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Online ISSN 1827-1847
Adovasio R., Settembre N., Nikolakopoulos K., Ukovich L., Biasion C., Zamolo F., Ziani B.
Department of Vascular Surgery, University of Trieste, Trieste, Italy
Aim. The purpose of this study was to evaluate the causes of colonic ischemia (CI) and to analyse the occurrence, incidence, management and outcome of patients suffering from this complication after endovascular abdominal aortic aneurysm repair.
Methods. Between January 2000 and October 2008, 492 patients were treated for infrarenal aortic aneurysm: 255 (52%) out of them underwent endovascular repair, 6 (2.4%) had an emergent endovascular treatment for ruptured aneurysm and 237 (48%) underwent open repair; within this last group, 84 (35.5%) had an emergent treatment.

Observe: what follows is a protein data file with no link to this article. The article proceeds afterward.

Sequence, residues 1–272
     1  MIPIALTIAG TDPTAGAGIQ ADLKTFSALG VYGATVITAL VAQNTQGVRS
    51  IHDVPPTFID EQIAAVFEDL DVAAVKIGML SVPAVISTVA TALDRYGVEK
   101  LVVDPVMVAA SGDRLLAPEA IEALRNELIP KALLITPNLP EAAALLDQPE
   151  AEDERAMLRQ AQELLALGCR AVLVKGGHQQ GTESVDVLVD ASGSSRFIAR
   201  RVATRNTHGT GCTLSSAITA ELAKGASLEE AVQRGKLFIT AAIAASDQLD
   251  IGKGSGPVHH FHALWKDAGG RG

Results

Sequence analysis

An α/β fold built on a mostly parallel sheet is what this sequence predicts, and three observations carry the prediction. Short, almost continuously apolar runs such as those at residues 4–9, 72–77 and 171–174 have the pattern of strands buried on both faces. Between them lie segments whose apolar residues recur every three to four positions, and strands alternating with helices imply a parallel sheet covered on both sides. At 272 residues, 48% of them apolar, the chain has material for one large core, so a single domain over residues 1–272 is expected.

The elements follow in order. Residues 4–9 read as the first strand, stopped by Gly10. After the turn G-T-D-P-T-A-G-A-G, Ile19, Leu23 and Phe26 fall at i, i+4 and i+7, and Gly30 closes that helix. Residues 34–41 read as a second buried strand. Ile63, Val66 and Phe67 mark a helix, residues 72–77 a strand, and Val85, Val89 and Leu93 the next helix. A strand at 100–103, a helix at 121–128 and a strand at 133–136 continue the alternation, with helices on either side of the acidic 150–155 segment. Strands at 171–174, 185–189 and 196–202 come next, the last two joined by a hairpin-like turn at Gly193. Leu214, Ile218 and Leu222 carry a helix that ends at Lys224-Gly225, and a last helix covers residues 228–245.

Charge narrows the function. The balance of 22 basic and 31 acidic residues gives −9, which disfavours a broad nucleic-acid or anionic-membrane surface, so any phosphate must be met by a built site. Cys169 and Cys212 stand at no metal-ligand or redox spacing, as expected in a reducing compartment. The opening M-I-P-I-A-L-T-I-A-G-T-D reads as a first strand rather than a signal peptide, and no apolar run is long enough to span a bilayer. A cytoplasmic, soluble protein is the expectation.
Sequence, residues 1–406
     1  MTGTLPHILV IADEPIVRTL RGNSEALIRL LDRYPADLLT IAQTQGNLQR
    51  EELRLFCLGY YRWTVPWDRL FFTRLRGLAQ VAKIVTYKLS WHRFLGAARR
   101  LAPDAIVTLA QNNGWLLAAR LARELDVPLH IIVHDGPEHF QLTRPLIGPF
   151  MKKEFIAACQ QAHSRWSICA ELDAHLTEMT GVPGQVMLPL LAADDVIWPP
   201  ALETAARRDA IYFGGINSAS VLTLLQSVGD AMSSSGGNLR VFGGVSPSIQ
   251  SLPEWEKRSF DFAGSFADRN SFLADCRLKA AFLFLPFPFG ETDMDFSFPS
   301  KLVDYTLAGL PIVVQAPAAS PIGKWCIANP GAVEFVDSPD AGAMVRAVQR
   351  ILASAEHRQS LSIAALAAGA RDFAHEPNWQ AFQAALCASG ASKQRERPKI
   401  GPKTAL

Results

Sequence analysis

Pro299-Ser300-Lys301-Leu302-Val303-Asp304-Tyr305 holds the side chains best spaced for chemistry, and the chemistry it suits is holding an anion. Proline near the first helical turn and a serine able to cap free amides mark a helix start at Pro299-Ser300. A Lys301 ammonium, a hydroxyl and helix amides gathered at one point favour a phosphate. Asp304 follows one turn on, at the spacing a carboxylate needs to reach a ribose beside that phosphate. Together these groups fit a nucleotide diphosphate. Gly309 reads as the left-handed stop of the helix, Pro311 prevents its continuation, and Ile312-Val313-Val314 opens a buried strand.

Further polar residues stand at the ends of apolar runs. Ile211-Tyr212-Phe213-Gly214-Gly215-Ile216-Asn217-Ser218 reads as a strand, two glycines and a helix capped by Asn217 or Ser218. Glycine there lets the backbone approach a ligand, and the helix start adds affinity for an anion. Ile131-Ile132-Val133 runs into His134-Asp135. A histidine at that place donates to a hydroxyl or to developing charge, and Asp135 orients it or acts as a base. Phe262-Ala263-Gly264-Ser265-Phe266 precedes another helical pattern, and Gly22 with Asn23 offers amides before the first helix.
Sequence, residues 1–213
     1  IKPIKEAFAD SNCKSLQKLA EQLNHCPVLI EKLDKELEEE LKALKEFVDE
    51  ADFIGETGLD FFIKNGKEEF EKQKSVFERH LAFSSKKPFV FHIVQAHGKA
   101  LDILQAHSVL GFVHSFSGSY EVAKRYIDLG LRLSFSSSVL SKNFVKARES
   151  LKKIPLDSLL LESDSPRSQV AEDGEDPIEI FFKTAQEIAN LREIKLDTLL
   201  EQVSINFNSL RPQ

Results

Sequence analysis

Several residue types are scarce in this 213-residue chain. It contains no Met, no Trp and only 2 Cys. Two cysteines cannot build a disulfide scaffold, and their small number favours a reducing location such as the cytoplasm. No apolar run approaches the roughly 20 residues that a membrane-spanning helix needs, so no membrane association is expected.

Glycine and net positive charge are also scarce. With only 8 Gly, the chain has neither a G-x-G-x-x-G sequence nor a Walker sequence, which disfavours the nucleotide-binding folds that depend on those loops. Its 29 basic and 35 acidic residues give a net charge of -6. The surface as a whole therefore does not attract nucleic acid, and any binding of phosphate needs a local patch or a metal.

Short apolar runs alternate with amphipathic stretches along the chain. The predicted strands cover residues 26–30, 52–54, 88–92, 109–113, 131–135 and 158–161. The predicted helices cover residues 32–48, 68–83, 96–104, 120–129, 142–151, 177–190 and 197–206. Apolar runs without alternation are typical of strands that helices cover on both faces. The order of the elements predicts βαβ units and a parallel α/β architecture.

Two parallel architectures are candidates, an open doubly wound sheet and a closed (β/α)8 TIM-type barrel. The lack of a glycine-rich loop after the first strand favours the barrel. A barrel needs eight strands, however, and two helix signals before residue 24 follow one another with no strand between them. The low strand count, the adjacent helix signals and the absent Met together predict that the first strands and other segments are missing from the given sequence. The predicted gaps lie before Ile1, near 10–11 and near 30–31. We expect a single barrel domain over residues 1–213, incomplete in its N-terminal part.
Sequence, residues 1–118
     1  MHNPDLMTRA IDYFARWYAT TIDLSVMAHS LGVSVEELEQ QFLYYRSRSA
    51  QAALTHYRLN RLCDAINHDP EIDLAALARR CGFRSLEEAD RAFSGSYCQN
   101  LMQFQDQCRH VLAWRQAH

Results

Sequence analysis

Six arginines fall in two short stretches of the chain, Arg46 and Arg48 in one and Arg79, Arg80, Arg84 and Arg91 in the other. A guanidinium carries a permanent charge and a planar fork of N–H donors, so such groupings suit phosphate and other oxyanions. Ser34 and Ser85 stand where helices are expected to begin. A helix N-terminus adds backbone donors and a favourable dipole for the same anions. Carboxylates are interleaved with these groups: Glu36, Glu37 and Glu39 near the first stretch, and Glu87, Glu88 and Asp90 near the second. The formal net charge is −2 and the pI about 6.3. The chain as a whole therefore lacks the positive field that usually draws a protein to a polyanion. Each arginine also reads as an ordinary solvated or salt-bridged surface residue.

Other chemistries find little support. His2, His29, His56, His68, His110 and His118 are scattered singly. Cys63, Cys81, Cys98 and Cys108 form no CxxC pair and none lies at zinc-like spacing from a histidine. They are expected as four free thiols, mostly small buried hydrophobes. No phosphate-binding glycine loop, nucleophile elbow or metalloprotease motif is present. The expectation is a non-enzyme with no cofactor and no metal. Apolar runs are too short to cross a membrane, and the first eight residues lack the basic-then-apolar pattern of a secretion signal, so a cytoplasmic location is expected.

Results. In the endovascular aneurysm repair (EVAR) group colonic ischemia occurred in six patients (2.4%) during the postoperative period. Four out of the six patients had left colon resection with left colostomy, while two recovered after total parenteral nutrition and multiple intestinal dilatations. Mortality rate in our series was 1/3 (33.3%). According to these results, we supposed that colonic ischemia was due to microembolization in three cases (50%) and in the remaining three we attributed this complication to the intraoperative occlusion of one or both hypogastric arteries with insufficient collateral circulation.
Conclusion. The role of the occlusion of internal iliac arteries during EVAR is still not clear. Possible prevention of CI is based on careful manipulation of endovascular devices. The hypogastric artery exclusion, when necessary, should be staged previously and should be avoided when abundant clot is present in the aneurysm neck.